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Preserving History: Battleship Gun Barrel Finds New Home

Barnhart is known for moving oversize or heavy pieces in industrial or plant settings. But a project to move a 1940s-era battleship gun barrel ranks as one of their most unusual requests.   

The 16” diameter gun barrel, which was originally a part of the USS Iowa battleship, had been lying in a field at St. Julien’s Annex in Portsmouth, VA. The Veterans Association of the USS Iowa and the Coast Defense Study Group arranged to move and display the barrel at Fort Story next to the historic Old Cape Henry Lighthouse in Virginia Beach.

The USS Iowa had a notable, yet tragic past. Launched in 1942, the locally based ship served in both World War II and Korea. In 1989, an explosion occurred within a gun turret during a fleet exercise in the Caribbean Sea. The blast killed 47 of the turret’s crew members. As a result, the Navy decommissioned the USS Iowa shortly afterward.

From a Field to Refurbishment

The project’s first phase in February involved getting the barrel into display-ready shape. Eaten up with rust, it was lying in a large grass field at the annex. The barrel had to be transported to Marine Specialty Painting in Portsmouth for refurbishment.

However, it had to be lifted first, which posed some challenges to the Barnhart crew. The 70′ long gun barrel, which weighed 275,000 pounds, was sitting in a ditch below grade, so ground-bearing pressure was an immediate challenge. Barnhart used a 500-ton one-shot gantry system on top of 6′ x 20 ‘ steel crane mats to improve the weight imposed on the soft soil.

Battleship gun barrel being lifted by gantries.
The team used gantries and multi-purpose girders to lift the gun barrel.

The soil conditions also meant that the crew could not drive the Goldhofer trailer directly under the barrel once it was suspended in the air. Barnhart utilized 45′ long multi-purpose girders (MPG) as header beams for the gantry arrangement. Slide shoes were used atop the girders to transfer the piece to more level ground. This arrangement allowed the trailer to have a direct shot under the piece as it was loaded.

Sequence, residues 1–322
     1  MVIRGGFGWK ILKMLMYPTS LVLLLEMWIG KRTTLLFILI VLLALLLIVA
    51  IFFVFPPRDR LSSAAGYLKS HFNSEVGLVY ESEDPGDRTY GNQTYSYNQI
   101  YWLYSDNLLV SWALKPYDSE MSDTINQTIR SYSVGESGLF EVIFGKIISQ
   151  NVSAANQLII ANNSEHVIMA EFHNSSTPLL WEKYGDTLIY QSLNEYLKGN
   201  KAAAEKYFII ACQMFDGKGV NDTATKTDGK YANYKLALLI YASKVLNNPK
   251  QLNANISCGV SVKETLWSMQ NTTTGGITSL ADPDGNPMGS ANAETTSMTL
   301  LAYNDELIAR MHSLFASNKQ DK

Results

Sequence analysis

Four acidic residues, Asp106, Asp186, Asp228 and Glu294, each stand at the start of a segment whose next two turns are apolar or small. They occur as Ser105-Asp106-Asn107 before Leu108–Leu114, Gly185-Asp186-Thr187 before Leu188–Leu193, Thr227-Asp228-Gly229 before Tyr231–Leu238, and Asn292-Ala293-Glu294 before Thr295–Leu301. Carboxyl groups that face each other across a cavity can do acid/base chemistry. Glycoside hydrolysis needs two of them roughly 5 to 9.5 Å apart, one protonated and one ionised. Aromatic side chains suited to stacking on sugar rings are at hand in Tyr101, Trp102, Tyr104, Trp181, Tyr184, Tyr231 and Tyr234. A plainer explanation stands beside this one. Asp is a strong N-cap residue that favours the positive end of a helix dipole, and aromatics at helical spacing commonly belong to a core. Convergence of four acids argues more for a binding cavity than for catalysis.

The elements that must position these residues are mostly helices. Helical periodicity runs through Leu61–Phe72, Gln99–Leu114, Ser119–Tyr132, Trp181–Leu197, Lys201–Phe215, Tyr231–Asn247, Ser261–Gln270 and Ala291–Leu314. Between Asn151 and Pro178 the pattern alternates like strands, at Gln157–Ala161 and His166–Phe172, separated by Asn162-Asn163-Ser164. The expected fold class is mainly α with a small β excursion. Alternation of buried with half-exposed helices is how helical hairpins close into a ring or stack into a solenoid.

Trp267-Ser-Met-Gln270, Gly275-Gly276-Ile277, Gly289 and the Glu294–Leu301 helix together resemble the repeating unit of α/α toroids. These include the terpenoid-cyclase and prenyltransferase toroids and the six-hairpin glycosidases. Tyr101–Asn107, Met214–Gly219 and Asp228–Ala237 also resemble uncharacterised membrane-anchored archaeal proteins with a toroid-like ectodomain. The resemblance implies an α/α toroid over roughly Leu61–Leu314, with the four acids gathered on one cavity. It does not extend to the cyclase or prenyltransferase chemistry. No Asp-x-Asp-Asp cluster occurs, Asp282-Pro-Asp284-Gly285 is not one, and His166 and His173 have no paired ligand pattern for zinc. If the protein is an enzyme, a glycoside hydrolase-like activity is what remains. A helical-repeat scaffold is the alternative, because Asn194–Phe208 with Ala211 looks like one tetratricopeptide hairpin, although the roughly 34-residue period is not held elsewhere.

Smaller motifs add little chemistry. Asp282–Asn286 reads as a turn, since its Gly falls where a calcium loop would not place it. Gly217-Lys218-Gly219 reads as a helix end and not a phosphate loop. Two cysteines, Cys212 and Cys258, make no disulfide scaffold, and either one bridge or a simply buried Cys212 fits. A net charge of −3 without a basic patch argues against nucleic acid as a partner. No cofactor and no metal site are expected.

Over 25 laminate mats were placed in the travel path of the trailer to prevent it from getting stuck during transport back to solid ground once loaded. The barrel was transported to the painting facility on Osh Kosh prime movers pulling a 16-line THP Goldhofer trailer.

Gun Barrel Moves to Fort Story

Once the refurbishment was completed in May, it was time to transport the barrel to its final destination at Fort Story.  At Marine Specialties, the barrel was loaded on the Goldhofer trailer pulled by a 4-axle Western Star. The 40-mile haul took about 3.5 hours and required police escorts from state troopers and the cities of Portsmouth and Virginia Beach.

Gun barrel at Fort Story.
The refurbished gun barrel ready to be placed on the concrete pad.

On site, the Barnhart crew reversed the method used at St. Julien’s Creek. The truck pulled underneath the 500-ton one-shot gantries and lifted the barrel off the trailer with 45′ MPGs. From there, Barnhart utilized its slide system to shift the barrel over to the concrete pad and lowered it down.

This is not the final chapter in the USS Iowa’s gun barrel story. In August, it will be dedicated in a Navy ceremony.

See coverage of the second transport below from a local news team WTKR.